Healthy Beginnings

Why is Fasting So Good for You?

Different forms of fasting have been growing in popularity of late. A growing body of information is showing the health benefits of three kinds of fasting: intermittent, alternate-day and extended fasting.

The benefits of fasting are rooted in getting into a state of nutritional ketosis. This is not the dangerous state of diabetic keto acidosis that some diabetics can get into. Fasting and ketosis go together perfectly, like bacon and eggs. The opposite is true as well, when eating a low-carb, moderate-protein, high-fat diet (a ketogenic diet), it becomes much easier to fast.

It turns out that over 2,000 years ago Hippocrates (widely considered the father of modern medicine) was an advocate of fasting. Interestingly, he was not only an advocate for intermittent fasting, he advocated for eating a high-fat diet!

Fasting has been a part of human society for thousands of years, and there are benefits to it for those who are dealing with certain health issues – in particular, obesity and type 2 diabetes – in today’s world of constant food abundance.

Traditional hunter-gatherer societies virtually never develop obesity or diabetes, even during times of plentiful food. In the pre-agricultural era, it is estimated that animal foods provided about two-thirds of the calories in the human diet. Despite all the modern teeth gnashing about red meat and saturated fats, it seems that our ancestors had little problems from eating them.

Intermittent fasting simply means periods of fasting occurring between periods of normal eating. In years past, fasting for 12 hours was considered normal. Breakfast was traditionally served at 7 a.m., lunch at 1 p.m. and dinner at 7 p.m. Then it was 12 hours until the next meal at 7a.m. the next day.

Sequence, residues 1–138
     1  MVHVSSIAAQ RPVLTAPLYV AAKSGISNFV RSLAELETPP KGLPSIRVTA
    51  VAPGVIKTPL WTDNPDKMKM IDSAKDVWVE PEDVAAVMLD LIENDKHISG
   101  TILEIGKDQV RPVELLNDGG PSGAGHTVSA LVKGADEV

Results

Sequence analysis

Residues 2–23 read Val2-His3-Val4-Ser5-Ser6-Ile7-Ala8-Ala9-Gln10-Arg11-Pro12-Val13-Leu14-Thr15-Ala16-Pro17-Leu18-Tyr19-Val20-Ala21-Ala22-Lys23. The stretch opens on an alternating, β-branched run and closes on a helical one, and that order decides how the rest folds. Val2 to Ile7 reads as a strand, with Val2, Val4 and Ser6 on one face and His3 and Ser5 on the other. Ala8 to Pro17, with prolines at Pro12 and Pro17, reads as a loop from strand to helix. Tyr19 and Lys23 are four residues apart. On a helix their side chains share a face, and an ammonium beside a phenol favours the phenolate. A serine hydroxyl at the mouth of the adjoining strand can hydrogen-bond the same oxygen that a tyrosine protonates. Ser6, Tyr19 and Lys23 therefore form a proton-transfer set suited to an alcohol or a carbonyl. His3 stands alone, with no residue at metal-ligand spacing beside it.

16-18 hour fasts incorporate a 6-8 hour window of eating per day. For example, you might fast from 7 p.m. to 11 a.m. the next morning. One of the most popular and efficient ways to forgo breakfast is to use a recipe called “bulletproof coffee.” It consists of your usual 8 ounce coffee with 1 tablespoon of butter or ghee, 1 tablespoon of coconut oil and 1-2 tablespoons of heavy cream. It must be whipped in a blender or with a handheld electric stick blender to emulsify the fats. It results in a creamy, delicious drink loaded with saturated and medium chain fatty acids. For those non-coffee drinkers, this can be done with any kind of tea, such as chai.

Eating this way will help your body switch from burning carbohydrates for energy, to burning ketones. Burning ketones is much more efficient and creates far more energy and less free-radical damage than burning carbohydrates.

Advantages of fasting: it’s simple, it’s free, it’s convenient, it’s powerful, you can enjoy life’s little pleasures, it’s flexible, it’s the only proven way to live longer and, last but not least, it works with any diet. So, what are you waiting for?

For more information, contact Reno Integrative Medical Center, 6110 Plumas St., Ste. B, Reno, at 775-829-1009 or www.RenoIntegrative.com.

References

Fung, Jason, MD, with Jimmy Moore, The Complete Guide to Fasting, Victory Belt Publishing Inc., 2016

Moore, Jimmy with Eric Westman, MD, Keto Clarity, Your Definitive Guide to the Benefits of a Low Carb, High-Fat Diet, Victory Belt Publishing Inc., 2014